A new house was built and is in the final inspection stages with the City. It was built on the 50’ x 100’ corner lot behind our 50’ x 100’ corner lot. Both houses’ driveways run along the rear property line, accessible from the side street. Our 1920s home’s masonry garage rests on the property line, so the side of the garage spans a portion of the shared property line. The rest of the shared line is a wooden fence.
The new home’s garage is set back approximately 30" from the rear lot line. But its slab was poured more than 12" higher than the existing grade. I flagged this to the builder as soon as I saw the slab, which was months ago. He said to give them time and it would be all right.
Fast forward to now, the garage is built and the grading done, and their grade is at least 9" higher than ours. Water and dirt are visibly entering our garage’s weep holes. So not only are they obstructed and not allowed to vent. But we are actually getting mud and moisture in our garage.
We hired a civil engineer who prepared a report that called for an excavated, lower-than-grade swale to be run along the property line, with their new, higher elevation resuming closer to their garage. It also calls for their downspout to tie into a French drain.
They indicated they did not plan to implement this. Instead, they placed Hardi-plank along the fence. Then they installed sod and a sprinkler system along the stretch in front of the garage. When activated, the runoff from the sprinkler floods our driveway proving that the Hardi-plank is not cutting it. The weight of the earth on the fence is also causing it to bow. Lastly, the Hardi-plank does nothing to address the higher grade along our masonry garage.
While the neighbors do seem to now agree that there is a problem, they are suggesting they will install a French drain and the problem will be solved. All the French drain will do is route the downspout water to the street. It will not address the other issues.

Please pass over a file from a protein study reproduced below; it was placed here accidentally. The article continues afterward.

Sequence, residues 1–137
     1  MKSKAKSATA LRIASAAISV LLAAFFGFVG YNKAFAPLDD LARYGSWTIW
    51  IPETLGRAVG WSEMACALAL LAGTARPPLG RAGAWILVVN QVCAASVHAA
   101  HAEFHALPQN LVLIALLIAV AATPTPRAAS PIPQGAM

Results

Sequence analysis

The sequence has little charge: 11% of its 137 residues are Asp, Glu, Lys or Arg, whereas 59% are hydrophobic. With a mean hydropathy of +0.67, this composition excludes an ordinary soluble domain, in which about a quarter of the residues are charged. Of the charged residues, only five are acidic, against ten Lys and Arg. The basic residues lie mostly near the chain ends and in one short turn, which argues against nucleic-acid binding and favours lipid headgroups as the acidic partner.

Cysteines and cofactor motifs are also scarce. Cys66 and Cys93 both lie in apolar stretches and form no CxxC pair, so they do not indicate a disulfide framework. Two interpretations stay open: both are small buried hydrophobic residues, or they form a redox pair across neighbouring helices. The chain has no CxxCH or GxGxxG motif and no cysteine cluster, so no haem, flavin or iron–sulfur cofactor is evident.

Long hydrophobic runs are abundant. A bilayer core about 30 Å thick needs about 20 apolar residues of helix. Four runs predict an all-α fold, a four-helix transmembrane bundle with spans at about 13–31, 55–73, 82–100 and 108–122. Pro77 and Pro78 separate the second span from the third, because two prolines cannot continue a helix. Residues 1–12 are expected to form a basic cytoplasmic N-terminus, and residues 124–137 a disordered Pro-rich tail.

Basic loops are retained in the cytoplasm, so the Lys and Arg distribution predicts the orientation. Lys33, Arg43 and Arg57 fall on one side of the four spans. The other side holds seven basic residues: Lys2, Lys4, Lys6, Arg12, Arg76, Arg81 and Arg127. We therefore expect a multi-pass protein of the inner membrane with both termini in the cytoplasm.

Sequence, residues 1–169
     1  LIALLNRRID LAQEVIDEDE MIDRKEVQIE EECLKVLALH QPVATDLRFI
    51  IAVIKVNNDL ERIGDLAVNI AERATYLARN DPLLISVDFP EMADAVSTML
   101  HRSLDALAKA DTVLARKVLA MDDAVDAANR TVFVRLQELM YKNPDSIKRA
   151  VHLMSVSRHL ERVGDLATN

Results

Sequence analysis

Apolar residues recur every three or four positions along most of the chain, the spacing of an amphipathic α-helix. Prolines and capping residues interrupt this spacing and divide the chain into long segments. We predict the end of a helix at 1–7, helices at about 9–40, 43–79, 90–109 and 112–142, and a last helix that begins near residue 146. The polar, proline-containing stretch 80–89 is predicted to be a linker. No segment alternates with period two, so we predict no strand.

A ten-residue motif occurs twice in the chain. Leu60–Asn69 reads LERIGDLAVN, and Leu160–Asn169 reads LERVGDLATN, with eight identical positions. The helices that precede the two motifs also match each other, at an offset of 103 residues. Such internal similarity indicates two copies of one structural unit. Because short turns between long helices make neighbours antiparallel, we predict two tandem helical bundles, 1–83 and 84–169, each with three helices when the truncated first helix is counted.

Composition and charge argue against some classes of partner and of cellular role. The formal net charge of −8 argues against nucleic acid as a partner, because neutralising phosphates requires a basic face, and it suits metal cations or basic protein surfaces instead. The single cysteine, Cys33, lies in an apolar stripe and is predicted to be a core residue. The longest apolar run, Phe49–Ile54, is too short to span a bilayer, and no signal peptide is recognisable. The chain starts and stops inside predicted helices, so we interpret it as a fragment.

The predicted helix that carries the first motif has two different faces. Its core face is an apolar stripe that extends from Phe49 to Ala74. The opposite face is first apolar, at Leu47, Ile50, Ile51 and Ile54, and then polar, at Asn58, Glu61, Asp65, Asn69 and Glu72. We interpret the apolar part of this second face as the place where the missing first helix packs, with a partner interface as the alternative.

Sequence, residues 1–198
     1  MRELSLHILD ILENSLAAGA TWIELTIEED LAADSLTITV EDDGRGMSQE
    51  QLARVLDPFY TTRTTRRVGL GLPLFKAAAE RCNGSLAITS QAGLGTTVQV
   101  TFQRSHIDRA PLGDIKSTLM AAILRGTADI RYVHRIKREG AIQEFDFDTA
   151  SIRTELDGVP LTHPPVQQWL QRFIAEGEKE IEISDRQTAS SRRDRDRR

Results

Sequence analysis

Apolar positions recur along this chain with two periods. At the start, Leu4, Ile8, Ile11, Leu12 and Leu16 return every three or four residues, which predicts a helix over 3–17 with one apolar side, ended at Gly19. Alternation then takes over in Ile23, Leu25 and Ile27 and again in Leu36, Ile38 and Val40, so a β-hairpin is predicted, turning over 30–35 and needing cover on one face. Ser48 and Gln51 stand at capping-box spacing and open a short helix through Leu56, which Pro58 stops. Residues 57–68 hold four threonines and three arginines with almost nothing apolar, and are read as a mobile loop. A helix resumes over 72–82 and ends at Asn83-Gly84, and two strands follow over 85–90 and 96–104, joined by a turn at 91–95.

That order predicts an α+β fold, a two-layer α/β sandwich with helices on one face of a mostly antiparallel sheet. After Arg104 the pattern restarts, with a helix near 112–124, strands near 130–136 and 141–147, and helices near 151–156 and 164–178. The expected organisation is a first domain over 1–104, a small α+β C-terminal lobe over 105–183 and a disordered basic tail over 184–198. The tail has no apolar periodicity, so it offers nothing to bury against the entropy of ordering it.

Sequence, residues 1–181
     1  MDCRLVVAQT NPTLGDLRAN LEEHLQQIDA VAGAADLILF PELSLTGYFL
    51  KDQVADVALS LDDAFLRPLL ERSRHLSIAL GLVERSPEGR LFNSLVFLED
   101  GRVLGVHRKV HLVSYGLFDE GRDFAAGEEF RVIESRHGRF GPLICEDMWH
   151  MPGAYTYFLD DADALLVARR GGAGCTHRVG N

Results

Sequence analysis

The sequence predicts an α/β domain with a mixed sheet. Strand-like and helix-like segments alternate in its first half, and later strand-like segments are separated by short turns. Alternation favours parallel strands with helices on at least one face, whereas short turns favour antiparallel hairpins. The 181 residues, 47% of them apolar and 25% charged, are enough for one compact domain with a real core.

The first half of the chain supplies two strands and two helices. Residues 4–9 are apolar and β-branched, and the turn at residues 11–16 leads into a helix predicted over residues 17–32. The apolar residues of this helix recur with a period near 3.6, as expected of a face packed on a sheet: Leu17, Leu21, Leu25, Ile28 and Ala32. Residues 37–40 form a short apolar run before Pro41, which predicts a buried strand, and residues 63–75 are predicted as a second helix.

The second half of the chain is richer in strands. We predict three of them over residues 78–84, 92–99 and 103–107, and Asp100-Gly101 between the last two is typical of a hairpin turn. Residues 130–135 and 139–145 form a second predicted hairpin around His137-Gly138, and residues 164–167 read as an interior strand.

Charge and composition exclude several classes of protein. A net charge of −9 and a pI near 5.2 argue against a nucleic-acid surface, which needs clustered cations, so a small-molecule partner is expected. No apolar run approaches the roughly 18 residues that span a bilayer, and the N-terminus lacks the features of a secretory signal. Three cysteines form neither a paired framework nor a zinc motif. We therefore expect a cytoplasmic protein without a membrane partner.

And they are now asking us to point to where it is in “the code” that says this is necessary. I have contacted our City’s (Houston, TX) Storm Dept. to ask this questions. He explained that “all water must drain towards the sewer. Period.” He also suggested I contact the Structural Inspection Dept. and ask for a Senior Inspector to come out. And that this is in the IRC and IBC. We are trying not to escalate this and keep things on good terms. But it is becoming more difficult. My thought is that they should implement our professional, stamped plan (and reimburse us for the cost!) or provide their own plan.
In the end, though, the reason I am posting here is that the only references I can find in the IBC and IRC are not EXACTLY what I’m looking for. They seem designed mainly to address the need to slope the grade away from one’s own foundation, versus designed to communicate what NOT to do a neighbor’s foundation and/or property.
Can anyone direct me to something codified that would be helpful so that we hopefully don’t have to get the City, or heaven forbid an attorney, involved?
Thanks in advance.